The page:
South Korea’s Celltrion Inc. and its affiliates are expected to post robust operating profits this year on the back of strong sales of Remsima and other blockbuster biosimilar products.
The combined operating profit of the biopharmaceutical company and its marketing arm, Celltrion Healthcare Co., is forecast to rise above 1 trillion won ($848 million) for the full year, becoming the first Korean bio enterprise to pass this key earnings milestone.
According to market tracker FnGuide on Sept. 15, Celltrion’s 2020 operating profit is estimated by 13 brokerages to reach an all-time high of 689.9 billion won on average, up 82.4% from the previous year, while Celltrion Healthcare’s operating profit is expected to rise 322% to a record 351.4 billion won. Combined, the two companies are forecast to post 1.04 trillion won in operating profit, according to FnGuide.
Among major Korean business conglomerates, only six – Samsung, SK, Hyundai Motor, Lotte, LG and GS – posted a full-year operating profit of more than 1 trillion won in 2019.
The rosy earnings outlook comes as no surprise as biopharmaceutical analysts have raised their earnings forecasts for Celltrion since the company posted better-than-expected second-quarter results.
Celltrion said in August its net profit jumped 77% on year to 138.6 billion won on a consolidated basis in the April-June period owing to strong sales of its blockbuster biosimilar, Truxima. Operating profit more than doubled to a quarterly high of 181.8 billion won.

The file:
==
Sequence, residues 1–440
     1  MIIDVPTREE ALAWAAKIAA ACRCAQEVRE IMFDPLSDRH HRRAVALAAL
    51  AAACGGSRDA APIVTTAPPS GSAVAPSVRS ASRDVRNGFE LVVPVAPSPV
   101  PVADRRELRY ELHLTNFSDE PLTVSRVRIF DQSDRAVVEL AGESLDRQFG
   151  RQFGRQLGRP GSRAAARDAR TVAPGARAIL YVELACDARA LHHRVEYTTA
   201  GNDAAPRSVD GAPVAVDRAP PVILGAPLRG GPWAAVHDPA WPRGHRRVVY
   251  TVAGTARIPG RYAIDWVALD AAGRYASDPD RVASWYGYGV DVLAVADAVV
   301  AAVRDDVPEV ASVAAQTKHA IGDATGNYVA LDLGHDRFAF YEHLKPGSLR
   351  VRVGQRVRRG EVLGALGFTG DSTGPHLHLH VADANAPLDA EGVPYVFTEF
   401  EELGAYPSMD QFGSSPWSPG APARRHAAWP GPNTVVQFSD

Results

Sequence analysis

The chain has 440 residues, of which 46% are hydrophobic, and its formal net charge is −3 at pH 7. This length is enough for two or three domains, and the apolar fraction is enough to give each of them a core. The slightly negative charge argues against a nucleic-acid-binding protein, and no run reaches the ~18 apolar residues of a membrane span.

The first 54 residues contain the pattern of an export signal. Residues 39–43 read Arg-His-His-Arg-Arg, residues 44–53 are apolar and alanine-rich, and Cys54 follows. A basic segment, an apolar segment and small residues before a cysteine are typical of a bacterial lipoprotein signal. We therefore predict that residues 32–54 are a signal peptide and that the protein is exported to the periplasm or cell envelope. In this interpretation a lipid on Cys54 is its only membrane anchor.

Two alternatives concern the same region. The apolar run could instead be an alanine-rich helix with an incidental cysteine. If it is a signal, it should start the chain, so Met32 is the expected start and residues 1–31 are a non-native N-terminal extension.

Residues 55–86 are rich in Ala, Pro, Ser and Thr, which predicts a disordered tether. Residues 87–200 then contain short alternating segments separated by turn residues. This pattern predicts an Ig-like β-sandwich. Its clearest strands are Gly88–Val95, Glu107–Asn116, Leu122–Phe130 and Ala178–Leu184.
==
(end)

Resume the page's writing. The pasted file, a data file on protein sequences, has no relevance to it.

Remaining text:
TRUXIMA, REMSIMA CASH COWS FOR CELLTRION
Truxima is used in the treatment of a number of adult diseases, including rheumatoid arthritis and non-Hodgkin’s lymphoma, a type of cancer. The drug, which is currently sold in the US and Europe, is expected to reach the Middle Eastern market soon.
Celltrion has also developed the world’s first subcutaneous (SC)-injection type of Remsima, a biosimilar version of Janssen’s Remicade, a treatment for autoimmune diseases. Janssen and other global biosimilar makers have not yet developed the SC-injection type.
In Europe, Celltrion’s Remsima, including the SC-injection type, accounted for 57% of the autoimmune disease treatment drug market in the first quarter, beating Janssen’s Remicade, which stood at 28%.
Local brokerage Kiwoom Securities forecast the global sale of SC-injection type Remsima would more than double to 375 billion won in 2021 from an expected 150 billion won this year.
“As a first mover in the biosimilar market, we expect to enjoy the market leader’s position by launching a series of cost-competitive products one after another,” said a Celltrion official.
By Woo-sub Kim
<Edited by In-Soo Nam>